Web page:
In the future, when the tiny rat has radioactively transformed into a man-sized beast, we'll don our armor and fight.
Including cellphones charged by fire, an airport under water, and more
When you make the geography reflect the electoral college, things get weird. SuperPACS and other political spenders understand that.
22,300 miles above the equator, satellites keep an eye on Earthly weather conditions.
New York Mayor Michael Bloomberg has had Barack Obama and Mitt Romney trying to court him for some time now, both hoping the third-term independent could help move some swing staters to their respective corners. It wasn't clear either candidate would get the nod from Bloomberg, but the mayor just endorsed Obama. Bloomberg wrote in an op-ed for Bloomberg View that, whether it contributed to Hurricane Sandy or not, climate change was a serious issue and Obama would be the better candidate to stop it. [New York Times]
The white stuff can stick around and ruin, well, pretty much everything. That puts the officials trying to fix it on a ticking clock.
Fighting hail with chemicals, combatting tornadoes with computers, and other weather-battling techniques from the PopSci archive
Ever since we left prayers to the rain gods behind, we've been looking to science to solve our weather dilemmas. Not just to discover where a storm will hit, but how to stop it from hitting at all.
If you want to take the visual pulse of a major event, you can do a lot worse than checking out Instagram. Now, for Hurricane Sandy, we present Instacane, a site that updates with Instagram images of the storm in real time. It doesn't seem to be curated, so there are plenty of context-less images popping through, but there's also a lot of interesting shots, like this one, near the Hudson River. Keep an eye on it here.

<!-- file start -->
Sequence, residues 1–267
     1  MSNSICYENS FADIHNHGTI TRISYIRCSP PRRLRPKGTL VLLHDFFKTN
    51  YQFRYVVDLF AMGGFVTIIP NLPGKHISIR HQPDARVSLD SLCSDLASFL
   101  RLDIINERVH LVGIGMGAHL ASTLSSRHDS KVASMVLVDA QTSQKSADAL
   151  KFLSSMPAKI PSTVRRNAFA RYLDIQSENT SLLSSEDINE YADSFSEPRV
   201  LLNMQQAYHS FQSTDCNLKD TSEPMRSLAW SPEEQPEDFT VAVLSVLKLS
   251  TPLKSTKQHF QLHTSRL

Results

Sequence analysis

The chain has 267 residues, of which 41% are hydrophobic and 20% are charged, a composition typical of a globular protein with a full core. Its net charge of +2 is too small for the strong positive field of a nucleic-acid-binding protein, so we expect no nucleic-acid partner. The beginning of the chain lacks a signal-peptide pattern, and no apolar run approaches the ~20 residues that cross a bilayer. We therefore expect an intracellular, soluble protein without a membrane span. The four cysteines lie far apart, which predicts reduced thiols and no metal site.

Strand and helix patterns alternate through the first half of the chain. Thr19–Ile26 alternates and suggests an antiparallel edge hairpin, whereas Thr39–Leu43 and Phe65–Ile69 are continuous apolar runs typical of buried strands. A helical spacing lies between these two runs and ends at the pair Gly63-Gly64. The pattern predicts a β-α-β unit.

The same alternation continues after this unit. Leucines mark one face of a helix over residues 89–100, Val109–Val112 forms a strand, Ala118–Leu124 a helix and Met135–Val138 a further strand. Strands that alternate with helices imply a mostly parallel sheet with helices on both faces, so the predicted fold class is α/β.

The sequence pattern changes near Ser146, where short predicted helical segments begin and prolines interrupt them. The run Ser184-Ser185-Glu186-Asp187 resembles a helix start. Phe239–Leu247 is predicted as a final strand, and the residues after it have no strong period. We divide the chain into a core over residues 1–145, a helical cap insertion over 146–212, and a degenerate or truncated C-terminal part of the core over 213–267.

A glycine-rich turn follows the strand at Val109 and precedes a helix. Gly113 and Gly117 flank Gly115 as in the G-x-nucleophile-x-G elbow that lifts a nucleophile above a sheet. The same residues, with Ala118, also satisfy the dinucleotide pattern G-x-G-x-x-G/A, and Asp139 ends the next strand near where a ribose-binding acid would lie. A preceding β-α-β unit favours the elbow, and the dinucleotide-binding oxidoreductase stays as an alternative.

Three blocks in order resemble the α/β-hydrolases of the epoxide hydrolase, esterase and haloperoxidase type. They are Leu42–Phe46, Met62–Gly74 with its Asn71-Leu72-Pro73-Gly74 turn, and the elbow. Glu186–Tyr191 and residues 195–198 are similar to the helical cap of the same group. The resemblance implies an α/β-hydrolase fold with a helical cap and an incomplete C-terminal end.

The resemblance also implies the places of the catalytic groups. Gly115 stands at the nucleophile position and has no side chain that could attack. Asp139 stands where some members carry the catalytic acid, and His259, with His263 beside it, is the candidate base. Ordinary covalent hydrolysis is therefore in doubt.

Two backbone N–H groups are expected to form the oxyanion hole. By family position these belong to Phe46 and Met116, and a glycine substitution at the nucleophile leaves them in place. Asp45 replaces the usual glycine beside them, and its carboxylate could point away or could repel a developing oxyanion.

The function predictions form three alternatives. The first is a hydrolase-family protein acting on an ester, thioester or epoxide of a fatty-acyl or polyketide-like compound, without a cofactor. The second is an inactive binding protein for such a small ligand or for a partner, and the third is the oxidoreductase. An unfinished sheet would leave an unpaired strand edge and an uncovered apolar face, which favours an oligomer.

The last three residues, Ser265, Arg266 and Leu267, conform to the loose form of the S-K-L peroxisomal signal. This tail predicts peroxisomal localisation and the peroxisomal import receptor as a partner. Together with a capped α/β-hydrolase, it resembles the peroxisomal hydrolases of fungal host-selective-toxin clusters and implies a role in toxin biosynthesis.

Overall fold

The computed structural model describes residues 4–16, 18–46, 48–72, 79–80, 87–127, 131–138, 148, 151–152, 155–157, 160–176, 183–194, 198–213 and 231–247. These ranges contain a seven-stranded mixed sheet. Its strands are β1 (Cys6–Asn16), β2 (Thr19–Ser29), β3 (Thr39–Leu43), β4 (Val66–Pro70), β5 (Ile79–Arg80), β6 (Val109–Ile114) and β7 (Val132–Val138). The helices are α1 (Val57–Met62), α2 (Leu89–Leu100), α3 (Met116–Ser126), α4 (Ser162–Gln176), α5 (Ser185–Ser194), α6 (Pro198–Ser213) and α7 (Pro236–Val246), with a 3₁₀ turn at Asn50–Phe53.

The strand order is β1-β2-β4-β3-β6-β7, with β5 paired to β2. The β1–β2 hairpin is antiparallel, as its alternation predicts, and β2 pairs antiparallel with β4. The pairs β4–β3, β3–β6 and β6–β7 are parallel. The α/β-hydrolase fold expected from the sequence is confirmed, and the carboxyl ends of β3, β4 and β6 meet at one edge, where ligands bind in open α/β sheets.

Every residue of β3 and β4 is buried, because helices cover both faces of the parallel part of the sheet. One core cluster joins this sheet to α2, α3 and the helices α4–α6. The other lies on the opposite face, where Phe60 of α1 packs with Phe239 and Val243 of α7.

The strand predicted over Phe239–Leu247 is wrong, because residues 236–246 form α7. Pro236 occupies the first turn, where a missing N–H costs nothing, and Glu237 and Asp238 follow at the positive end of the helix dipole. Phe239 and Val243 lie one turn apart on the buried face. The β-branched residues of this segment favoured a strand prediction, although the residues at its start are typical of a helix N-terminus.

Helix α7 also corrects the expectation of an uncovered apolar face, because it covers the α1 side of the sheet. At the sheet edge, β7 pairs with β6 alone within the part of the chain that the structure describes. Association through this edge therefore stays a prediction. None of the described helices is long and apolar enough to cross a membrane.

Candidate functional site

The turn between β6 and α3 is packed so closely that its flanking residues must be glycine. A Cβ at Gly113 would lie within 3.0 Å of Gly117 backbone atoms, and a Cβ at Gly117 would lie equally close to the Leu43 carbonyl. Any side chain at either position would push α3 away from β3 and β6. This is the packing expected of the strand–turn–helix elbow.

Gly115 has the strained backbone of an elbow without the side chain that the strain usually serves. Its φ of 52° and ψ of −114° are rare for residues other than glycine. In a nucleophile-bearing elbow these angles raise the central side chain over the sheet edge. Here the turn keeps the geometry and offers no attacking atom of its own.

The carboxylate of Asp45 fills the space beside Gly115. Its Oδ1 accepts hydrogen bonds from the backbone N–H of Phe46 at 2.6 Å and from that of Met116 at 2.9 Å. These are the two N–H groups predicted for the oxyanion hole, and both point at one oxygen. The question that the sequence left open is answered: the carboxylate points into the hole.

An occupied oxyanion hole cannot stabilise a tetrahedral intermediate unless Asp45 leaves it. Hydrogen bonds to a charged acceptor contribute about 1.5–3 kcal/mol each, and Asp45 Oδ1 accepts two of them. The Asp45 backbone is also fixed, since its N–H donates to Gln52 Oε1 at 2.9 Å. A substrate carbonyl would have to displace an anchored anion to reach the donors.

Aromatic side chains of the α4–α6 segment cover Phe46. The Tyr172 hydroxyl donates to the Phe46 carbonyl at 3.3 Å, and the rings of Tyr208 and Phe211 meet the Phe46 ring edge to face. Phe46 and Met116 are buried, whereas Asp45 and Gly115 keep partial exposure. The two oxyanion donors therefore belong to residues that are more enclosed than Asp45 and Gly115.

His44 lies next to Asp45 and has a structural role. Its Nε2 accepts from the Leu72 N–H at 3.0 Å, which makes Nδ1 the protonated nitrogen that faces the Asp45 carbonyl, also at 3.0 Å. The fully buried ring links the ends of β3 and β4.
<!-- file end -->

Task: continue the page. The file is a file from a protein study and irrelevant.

A visualized look inside a storm. How they start, and the ways we measure how bad they get.
If you're in a safe area (please, don't do this if you're not) scientists are looking for some help dissecting Hurricane Sandy. By collecting samples with the help of volunteers, researchers can learn a lot about an extreme weather event: where it came from, how it got to where it is, and more. To do that in this case, a team from the University of Utah and Purdue have assembled a network of 100 volunteers (at last update) to take samples over a 12-hour period. Read more about it here.
Including a pepper-spraying iPhone, an illustrated guide to eating a Triceratops, and more
Most people play through a "moral choice" game like BioShock or Fallout making the same decisions they'd make if presented with those choices in real life. But not everyone. Who are these morality-flaunters?
Roads that light themselves, paint that warns you about icy conditions, and more from the zany Dutch design lab Studio Roosegaarde
"There's almost no way to stop [the study] from being spun into the 'war against women' story," coauthor Vladas Griskevicius says. Is he right, or was the study the problem?